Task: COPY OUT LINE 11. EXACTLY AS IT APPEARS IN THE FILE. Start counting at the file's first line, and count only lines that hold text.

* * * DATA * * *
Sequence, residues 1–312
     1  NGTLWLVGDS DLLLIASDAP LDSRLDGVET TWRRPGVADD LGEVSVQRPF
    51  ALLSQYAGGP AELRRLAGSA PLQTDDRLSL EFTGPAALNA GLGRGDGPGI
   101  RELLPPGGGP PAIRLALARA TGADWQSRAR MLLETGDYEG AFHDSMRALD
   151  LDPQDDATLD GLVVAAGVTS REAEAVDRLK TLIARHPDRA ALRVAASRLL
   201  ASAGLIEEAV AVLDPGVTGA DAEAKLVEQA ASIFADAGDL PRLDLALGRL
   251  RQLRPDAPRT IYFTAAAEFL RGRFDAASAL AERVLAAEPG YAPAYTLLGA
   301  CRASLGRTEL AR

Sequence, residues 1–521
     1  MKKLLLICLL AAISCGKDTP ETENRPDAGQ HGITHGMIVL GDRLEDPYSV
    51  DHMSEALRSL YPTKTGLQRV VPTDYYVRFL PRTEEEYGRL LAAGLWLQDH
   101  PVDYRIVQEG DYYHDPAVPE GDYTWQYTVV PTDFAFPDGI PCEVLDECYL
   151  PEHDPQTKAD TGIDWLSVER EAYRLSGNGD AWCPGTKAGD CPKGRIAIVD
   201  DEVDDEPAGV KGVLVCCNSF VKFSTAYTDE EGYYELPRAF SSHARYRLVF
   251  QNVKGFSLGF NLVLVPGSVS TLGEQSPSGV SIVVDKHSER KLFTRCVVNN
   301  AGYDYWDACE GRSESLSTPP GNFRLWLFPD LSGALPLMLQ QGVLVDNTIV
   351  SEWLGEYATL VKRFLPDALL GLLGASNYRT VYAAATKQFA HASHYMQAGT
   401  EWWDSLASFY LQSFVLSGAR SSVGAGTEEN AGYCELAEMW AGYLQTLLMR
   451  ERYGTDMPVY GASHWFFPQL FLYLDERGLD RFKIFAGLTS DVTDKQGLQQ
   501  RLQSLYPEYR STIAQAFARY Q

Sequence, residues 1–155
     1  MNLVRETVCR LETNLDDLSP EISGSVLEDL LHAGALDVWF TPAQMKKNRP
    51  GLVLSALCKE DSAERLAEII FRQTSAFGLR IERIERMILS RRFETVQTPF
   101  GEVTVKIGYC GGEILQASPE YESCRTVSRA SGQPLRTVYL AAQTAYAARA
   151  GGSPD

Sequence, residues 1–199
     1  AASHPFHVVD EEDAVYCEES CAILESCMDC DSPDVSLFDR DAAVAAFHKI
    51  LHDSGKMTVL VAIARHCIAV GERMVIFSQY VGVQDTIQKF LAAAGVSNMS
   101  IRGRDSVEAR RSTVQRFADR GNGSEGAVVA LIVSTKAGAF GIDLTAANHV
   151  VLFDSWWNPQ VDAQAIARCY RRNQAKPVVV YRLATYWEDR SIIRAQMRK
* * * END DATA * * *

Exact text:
    51  DHMSEALRSL YPTKTGLQRV VPTDYYVRFL PRTEEEYGRL LAAGLWLQDH